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Families ‘struggle to provide dementia care’

From the Times 25 January 2011:

Thousands of families struggle daily to find adequate paid care for relatives with dementia so that they can carry on living at home, a study has shown.

Research by the Alzheimer’s Society found that half were subjected to sub-standard care, which included not being fed properly, being left in bed for hours, left in soiled incontinence pads, or unwashed.

One in ten ended up in hospital for an avoidable reason, such as a fall or dehydration, at a huge cost to taxpayers. In addition 50,000 dementia sufferers a year are admitted to care homes earlier than necessary at a cost to the public purse of £ 70 million.

Of the 750,000 people suffering from dementia in Britain, two thirds are living in their own homes with the support of paid carers and family.

Keeping older people in their own homes for as long as possible is the cornerstone of government policy but it appears that the home care workforce does not measure up to the task.

The study found that nine out of ten paid carers admit this, saying they are not able to provide the care that dementia patients require, largely because they are given no training on how to deal with the mental illness.

Most care is provided by private companies that are under pressure to keep staff costs as low as possible. However local authorities are required to assess the needs of all those with dementia and help to put a care package in place, regardless of whether the family qualifies for financial help.

The Alzheimer’s society said it was a travesty that so many people with dementia had to battle on with inadequate help.

The findings came from a survey of 1500 people with dementia or their families, and a thousand home care workers.

The society said that in the current financial environment the situation would get worse. It has called on health and social care commissioners to think in the longer term and invest in proper dementia services and training to keep more people out of hospital and residential care homes, saving the NHS and local authorities considerable sums.

Paul Burstow, the health Minister, said that too many people with dementia and their carers were being let down.

“What needs to be done to put things right is not rocket science. It requires compassion, common senses and a determination to treat people as people, not boxes to to tick” he said. “this is not about spending more, it is about spending better”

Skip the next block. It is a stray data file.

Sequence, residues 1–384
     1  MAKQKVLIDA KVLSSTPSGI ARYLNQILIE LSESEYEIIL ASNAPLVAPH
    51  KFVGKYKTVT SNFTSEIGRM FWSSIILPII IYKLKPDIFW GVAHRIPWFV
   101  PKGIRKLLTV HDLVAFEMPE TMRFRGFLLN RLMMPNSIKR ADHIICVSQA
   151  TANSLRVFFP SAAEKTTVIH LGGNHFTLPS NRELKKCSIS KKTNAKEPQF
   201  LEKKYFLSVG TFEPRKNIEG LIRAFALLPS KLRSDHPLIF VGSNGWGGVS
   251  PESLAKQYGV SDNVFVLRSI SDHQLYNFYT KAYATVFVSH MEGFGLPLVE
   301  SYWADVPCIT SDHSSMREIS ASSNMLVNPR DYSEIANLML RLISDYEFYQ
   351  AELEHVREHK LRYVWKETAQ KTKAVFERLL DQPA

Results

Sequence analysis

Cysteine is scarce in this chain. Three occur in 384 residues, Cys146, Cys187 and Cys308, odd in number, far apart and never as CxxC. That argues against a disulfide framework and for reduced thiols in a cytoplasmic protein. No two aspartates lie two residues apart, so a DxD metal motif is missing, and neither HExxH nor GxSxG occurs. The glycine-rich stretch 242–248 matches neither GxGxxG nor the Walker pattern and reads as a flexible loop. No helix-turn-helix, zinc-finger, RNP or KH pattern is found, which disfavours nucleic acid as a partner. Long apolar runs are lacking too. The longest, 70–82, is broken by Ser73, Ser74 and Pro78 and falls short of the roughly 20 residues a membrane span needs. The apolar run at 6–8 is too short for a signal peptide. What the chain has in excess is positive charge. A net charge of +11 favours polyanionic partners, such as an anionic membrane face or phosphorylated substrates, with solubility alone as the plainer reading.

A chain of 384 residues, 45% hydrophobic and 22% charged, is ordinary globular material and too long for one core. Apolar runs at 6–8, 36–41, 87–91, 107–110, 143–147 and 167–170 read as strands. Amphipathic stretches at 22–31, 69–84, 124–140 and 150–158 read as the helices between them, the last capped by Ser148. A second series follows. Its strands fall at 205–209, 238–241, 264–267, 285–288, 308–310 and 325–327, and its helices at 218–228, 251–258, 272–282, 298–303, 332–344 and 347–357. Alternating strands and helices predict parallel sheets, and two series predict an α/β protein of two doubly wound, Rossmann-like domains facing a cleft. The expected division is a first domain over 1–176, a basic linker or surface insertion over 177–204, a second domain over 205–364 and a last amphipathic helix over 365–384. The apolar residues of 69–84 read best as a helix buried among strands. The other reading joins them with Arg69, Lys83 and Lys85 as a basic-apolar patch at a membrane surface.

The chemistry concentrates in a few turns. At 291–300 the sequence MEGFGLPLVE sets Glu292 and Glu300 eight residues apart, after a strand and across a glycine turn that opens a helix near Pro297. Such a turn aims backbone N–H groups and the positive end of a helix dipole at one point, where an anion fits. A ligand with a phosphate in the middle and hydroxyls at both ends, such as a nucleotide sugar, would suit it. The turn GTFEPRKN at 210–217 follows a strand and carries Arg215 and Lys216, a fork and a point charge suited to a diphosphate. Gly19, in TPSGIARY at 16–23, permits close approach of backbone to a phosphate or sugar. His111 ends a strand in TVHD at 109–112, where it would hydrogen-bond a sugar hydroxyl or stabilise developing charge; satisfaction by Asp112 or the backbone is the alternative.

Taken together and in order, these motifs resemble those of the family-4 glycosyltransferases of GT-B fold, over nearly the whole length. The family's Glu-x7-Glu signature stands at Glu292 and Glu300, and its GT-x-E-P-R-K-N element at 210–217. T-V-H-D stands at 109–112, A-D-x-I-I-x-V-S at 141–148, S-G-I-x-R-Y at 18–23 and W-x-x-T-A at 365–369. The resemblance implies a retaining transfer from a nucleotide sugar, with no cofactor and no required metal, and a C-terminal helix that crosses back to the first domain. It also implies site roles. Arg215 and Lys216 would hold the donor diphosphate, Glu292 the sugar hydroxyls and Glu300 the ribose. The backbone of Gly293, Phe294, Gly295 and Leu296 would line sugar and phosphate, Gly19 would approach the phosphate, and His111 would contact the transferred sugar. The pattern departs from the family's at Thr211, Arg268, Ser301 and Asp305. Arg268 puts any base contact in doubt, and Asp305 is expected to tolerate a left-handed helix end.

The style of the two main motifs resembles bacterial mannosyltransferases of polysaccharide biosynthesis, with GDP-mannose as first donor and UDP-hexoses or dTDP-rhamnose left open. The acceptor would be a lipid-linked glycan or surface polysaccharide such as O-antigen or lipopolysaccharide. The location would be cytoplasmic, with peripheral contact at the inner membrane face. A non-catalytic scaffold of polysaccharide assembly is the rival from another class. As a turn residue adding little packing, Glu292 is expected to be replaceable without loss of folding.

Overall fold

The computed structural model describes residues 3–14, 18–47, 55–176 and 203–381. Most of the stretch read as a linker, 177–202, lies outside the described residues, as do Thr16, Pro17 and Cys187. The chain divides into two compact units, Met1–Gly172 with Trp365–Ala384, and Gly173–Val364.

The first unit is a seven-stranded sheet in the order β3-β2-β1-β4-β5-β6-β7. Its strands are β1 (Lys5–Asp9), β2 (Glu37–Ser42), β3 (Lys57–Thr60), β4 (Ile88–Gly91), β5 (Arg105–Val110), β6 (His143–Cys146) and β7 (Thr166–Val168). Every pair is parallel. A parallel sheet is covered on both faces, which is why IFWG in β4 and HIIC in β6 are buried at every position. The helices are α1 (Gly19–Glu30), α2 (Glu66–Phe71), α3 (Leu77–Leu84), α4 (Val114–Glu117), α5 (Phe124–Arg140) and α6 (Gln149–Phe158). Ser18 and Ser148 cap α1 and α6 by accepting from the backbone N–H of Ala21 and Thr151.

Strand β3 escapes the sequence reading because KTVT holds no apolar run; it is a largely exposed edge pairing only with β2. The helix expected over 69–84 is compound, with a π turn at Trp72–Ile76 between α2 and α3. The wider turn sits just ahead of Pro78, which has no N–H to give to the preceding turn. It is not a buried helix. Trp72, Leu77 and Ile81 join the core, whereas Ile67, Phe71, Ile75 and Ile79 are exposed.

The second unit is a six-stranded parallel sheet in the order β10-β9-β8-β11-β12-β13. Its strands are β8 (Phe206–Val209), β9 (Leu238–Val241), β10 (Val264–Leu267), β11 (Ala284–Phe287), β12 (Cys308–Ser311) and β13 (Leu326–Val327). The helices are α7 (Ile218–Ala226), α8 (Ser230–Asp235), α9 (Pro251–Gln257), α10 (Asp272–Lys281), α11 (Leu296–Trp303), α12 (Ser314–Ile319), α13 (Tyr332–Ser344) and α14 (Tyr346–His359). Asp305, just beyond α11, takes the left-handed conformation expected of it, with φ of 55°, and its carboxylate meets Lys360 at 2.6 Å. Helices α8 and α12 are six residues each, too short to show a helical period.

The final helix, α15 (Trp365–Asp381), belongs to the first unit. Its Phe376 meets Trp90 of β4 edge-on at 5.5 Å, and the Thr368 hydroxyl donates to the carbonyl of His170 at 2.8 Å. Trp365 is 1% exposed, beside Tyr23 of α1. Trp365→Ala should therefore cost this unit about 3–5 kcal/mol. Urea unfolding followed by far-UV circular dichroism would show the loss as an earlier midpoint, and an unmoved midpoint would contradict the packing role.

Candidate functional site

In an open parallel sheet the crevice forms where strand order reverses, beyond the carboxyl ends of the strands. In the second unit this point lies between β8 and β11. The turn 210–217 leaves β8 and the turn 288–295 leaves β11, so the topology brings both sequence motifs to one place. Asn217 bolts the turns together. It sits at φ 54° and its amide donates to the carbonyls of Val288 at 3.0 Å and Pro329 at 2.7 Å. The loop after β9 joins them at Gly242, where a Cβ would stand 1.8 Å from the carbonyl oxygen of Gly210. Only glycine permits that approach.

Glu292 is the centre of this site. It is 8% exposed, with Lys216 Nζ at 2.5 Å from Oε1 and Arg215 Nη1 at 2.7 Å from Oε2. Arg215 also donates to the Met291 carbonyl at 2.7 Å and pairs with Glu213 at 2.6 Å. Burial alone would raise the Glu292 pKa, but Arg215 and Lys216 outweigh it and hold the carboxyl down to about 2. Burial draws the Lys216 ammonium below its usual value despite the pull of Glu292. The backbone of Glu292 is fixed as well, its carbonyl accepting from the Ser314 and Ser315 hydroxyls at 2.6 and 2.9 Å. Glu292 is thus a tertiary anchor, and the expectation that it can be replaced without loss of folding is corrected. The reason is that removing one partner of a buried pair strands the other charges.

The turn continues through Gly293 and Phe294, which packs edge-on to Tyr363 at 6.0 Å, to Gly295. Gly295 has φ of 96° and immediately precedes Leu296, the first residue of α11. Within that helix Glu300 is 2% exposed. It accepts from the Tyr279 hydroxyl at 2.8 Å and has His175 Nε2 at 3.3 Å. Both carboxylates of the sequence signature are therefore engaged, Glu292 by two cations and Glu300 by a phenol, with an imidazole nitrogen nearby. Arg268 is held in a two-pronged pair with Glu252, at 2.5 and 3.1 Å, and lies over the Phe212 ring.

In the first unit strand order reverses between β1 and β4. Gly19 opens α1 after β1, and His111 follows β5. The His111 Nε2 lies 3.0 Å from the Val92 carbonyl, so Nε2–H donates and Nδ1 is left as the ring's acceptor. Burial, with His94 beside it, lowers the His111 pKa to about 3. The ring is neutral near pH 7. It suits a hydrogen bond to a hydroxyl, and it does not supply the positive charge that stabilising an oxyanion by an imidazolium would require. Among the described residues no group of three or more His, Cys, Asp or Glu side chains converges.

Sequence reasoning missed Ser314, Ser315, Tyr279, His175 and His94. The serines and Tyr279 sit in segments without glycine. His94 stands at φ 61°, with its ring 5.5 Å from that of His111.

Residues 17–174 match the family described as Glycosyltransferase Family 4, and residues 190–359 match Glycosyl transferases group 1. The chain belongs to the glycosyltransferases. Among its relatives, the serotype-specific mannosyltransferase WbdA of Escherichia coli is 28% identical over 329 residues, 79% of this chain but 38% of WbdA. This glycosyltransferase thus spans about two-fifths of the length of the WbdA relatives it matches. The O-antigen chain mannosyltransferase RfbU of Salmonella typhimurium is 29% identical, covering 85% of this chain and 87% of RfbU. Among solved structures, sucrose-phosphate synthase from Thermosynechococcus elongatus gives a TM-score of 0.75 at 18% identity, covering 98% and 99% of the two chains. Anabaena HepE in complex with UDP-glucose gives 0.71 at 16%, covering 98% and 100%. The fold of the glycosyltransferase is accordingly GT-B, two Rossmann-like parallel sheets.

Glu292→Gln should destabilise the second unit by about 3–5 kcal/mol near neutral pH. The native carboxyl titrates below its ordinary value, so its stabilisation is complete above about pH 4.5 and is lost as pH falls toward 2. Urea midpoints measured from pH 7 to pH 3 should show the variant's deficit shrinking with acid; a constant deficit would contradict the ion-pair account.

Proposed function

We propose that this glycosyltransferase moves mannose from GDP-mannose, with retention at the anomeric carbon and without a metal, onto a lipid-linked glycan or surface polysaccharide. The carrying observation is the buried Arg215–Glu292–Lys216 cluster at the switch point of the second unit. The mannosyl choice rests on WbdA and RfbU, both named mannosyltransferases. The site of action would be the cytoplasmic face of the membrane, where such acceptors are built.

Our comment: While the aim of enabling older people to stay at home longer is a laudable one, we think this is extremely challenging for people with dementia, particularly where someone is living on their own. Caring for someone with anything beyond early stage dementia is a 24-hour 7-day a week occupation. For many carers this is simply too much particularly as they may be old and frail themselves. Providing professional 24 by 7 care is simply not affordable, either for private individuals or for us the tax payer – even more so in these strained financial times. And staff supervision is a real challenge when carers visit people at home unsupervised. We know from experience how the right physical and social environment can make a profound difference to the wellbeing of people with dementia. Providing such an environment is expensive and requires considerable skill, and it is simply not realistic to provide such an environment at home. Our experience is that, on the whole it is not so that people with dementia go into residential care homes too early – quite the contrary we find that many people take the step too late, typically after a fall or hospital admission. We think it high time that we put aside old ‘home is better’ dogmas and understand that good dementia care homes not only provide a great environment for people with dementia, they are also much more cost-effective than intensive professional care at home. We think the Alzheimer’s society should think again!